If you’re not already aware, just over a year ago we published our first ever Open Data Plan. In bringing the plan together it quickly became apparent that we had been doing a fair amount of work on opening up our data, especially our statistical and spatial data. Though perhaps we hadn’t done a particularly good job of letting others know about it. Therefore the end product was a plan that built on the good work we’d already done.
Whilst opening up our data improves our openness, transparency and accountability we want to do more so we decided to look at other aspects of government and the way we work. As a government we realise that if people know how we do things and are more involved in what we do, this can help us make better decisions and improve trust in government.
The good news is that, as with open data, when we started looking at how open we are as a government we realised that we were already doing some good stuff. Whether it’s openly consulting with the people of Wales or publishing our Freedom of Information (FOI) responses. However as an open government we realise we can do more and we want to do more.
The Open Government Partnership (OGP)
Not surprisingly, we are not alone in wanting to create a more open government. Established in 2011 the Open Government Partnership (OGP) is a global initiative focused on promoting open government. It is run by a group of countries, including the UK, who have come together to encourage governments to promote transparency, empower citizens, fight corruption, and strengthen governance.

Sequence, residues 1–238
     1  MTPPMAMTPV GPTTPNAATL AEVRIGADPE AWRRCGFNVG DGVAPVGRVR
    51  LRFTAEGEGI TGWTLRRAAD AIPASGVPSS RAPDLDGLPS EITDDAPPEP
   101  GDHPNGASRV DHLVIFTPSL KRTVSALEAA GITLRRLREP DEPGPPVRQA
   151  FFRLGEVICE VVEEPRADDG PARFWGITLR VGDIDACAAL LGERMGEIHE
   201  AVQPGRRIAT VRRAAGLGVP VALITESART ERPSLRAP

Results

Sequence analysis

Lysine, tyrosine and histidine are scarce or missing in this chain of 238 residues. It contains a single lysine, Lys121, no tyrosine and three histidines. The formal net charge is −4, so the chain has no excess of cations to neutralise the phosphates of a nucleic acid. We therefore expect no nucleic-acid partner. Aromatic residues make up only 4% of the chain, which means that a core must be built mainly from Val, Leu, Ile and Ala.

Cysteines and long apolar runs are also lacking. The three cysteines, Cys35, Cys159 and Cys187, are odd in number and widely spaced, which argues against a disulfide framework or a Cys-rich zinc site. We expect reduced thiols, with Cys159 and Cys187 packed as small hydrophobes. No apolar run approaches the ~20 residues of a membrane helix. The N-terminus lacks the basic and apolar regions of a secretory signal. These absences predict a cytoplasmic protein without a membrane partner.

Every year or two the OGP organises a global open government summit in locations across the world, with the 2016 summit held in Paris. The timing of the summit provided the perfect opportunity to produce an update to the UK Open Government National Action Plan 2016-18 and incorporate commitments from across the devolved administrations. We were keen to make the most of this opportunity and promote our commitment to being more open and collaborative.
So we set about work drawing together an up-to-date list of open government projects currently planned or underway across Welsh Government as a means of identifying suitable commitments. Eventually we settled on nine commitments that reflect the great breadth of what Welsh Government does.
We’re proud of these commitments. From raising awareness of the prevalence of modern slavery in supply chains, to bumping up the amount and quality of data we publish, we’re excited about what they will achieve. But commitments are just that – they are nothing without delivery. And we want to go further.
Working together to move forward
We’re delighted that the Wales Council for Voluntary Action (WCVA) and Electoral Reform Society Cymru (ERS Cymru) were successful in securing funding from the Big Lottery enabling them to establish a civil society network within Wales.
The Open Government Network Wales will not only hold us to account but also help develop future commitments. It is our ambition to work with this group and build on our relationship to raise the bar on open government across Wales.
We hope that people can see things are already happening. Both in terms of our open government commitments and the introduction of the Wellbeing of Future Generations (Wales) Act, which encourages involving the whole diversity of the people of Wales in what we do. However this is a long term task and there is more for us to do, and by us we don’t just mean Welsh Government. That’s why it’s important that we engage fully with those of you that are interested in the open government agenda.
Therefore if you are interested in improving the openness of government in Wales then please feel free to leave us a comment below or alternatively join the Open Government Network Wales: http://www.opengovernment.org.uk/networks/wales/
Post by Office of the Chief Digital Officer